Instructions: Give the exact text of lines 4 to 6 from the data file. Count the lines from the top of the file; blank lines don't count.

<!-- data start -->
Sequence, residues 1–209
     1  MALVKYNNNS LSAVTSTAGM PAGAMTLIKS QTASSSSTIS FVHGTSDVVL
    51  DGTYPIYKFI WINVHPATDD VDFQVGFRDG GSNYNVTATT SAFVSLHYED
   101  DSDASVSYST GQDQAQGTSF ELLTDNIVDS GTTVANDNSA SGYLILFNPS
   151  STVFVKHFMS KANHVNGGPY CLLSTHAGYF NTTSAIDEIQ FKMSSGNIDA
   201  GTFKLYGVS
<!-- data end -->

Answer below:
   101  DSDASVSYST GQDQAQGTSF ELLTDNIVDS GTTVANDNSA SGYLILFNPS
   151  STVFVKHFMS KANHVNGGPY CLLSTHAGYF NTTSAIDEIQ FKMSSGNIDA
   201  GTFKLYGVS